Finally, the programme has shaped the way I see Korea as a working place a little different from what I had expected it to be before the company visits. I had always imagined Korea’s working system to be extremely fast-paced and efficient, just like their technology. While I have always known how respect is viewed as highly important in Korea, I would never have expected it to be a factor which impedes speed in their working lives too. Based on the talk given by the staff from Louis Quartoze, who gave a fantastic comparison between the Western and Korean working styles, he noted that the need to give face to someone in a higher position would sometimes mean beating around the bush and taking a longer time to get to the point. Though the working culture is definitely changing, with all the Western influences, I am not exactly sure if a Korean work culture is one that I would get used to. For now, I still feel that the way I work is more Westernised and if I were to be an employee in a Korean company, I might offend many without even knowing. However, that does not mean that I am crossing out Korea from my future job opportunities as I really enjoyed my stay in Korea. In fact, I can envision myself to live comfortably in Korea if I continue to pursue the language and be proficient at it.

Overall, the programme has provided me great insight into the Korean work and life culture as well as helped to improve my Korean language skills. Even though I’m back home, that doesn’t mean that my Korean language learning should stop too. After all, the friendly teachers from Kyung Hee University  have also urged us to continue studying and send them questions should we have any. I really do admire their dedication even though they have only spent 3 short weeks with us.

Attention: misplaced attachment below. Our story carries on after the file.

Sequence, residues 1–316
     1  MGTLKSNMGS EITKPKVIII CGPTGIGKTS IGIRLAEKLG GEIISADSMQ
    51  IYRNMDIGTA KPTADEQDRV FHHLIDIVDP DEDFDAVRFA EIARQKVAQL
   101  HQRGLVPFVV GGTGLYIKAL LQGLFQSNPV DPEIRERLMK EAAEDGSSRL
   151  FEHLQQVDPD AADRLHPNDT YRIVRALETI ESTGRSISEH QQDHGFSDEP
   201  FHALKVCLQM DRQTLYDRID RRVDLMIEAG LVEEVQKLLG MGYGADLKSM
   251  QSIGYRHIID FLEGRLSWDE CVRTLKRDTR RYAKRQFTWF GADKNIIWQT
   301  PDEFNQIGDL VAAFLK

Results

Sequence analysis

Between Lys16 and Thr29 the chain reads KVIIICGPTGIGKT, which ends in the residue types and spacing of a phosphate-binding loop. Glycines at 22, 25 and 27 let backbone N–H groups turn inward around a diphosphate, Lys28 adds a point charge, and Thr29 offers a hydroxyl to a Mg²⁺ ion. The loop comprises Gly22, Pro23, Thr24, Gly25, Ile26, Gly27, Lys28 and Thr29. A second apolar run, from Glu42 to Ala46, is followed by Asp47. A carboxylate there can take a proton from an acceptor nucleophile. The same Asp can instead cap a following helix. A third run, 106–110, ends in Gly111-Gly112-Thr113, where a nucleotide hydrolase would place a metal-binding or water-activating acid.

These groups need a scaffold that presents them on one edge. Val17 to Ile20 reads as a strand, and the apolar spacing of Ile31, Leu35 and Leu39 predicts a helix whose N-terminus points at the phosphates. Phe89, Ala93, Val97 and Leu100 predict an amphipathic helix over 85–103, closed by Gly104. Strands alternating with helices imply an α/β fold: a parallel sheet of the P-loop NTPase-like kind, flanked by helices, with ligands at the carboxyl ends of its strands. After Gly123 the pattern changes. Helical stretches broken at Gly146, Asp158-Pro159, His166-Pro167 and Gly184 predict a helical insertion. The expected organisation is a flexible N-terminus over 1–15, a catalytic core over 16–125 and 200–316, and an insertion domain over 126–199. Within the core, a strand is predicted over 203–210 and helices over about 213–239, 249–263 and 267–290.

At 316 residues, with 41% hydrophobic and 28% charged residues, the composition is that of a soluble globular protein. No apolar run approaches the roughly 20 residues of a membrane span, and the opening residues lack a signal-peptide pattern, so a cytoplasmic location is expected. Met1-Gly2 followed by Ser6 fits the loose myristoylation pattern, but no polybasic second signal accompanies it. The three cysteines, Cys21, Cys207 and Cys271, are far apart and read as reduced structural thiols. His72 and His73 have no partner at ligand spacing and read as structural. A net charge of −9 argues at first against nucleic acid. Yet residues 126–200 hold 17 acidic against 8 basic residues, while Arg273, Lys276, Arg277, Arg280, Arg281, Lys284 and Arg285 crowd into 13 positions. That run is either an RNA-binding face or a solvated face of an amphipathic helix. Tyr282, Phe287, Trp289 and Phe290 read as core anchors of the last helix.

Loi Hui En

Student from University at Buffalo, SIM

Musings, Travel

「慧入韓國 #1」

It’s been 2 weeks since I’ve been away from home and I can’t believe how quickly time is slipping away just like that! My journey with Seoul, or rather, Kyung Hee University should technically be ending next Thursday, but thankfully, I decided to extend my trip for a week to further explore this place.

I thought I would be able to do weekly blogs to keep up with my thoughts and all the experiences I’ve had here but I’ve been absolutely way too busy (and also lazy, because I rather spend those little pockets of time watching BIG and Running Man instead)!!! I feel like it’s been so long and I can’t exactly remember what happened in the first week.

Having Korean lessons thrice a week for 4 hours a day is intensive but I’ve learnt quite a bit too. Really glad that the language is somewhat similar to Japanese as they tend to use certain joining words e.g. 이/가/을/를 vs は/を/に/へ. I also think that I’m having the lessons a little easier than some of my classmates as I learnt how to read, write and pronounce the different Korean words on my own. Glad that I can make sense of more phrases now! /excited ^^/

Sidenote: I’m also really happy that I get to use my Kakaotalk because we have to contact our dowoomis!

In just 2 weeks, I have tried so many kinds of food and I’m definitely not sick of Korean food yet, though I really do miss my grandma’s home-cooked food…. Asian cuisine is great but chinese food is definitely still the best! ㅜㅜ 중식을 좋아해요~ I also can’t believe how I managed to watch Davichi, G.Na and Juniel perform live!!!! Of course seeing BIGBANG/SHINee/SNSD would be really great but for now, having heard those 3 is still just as amazing!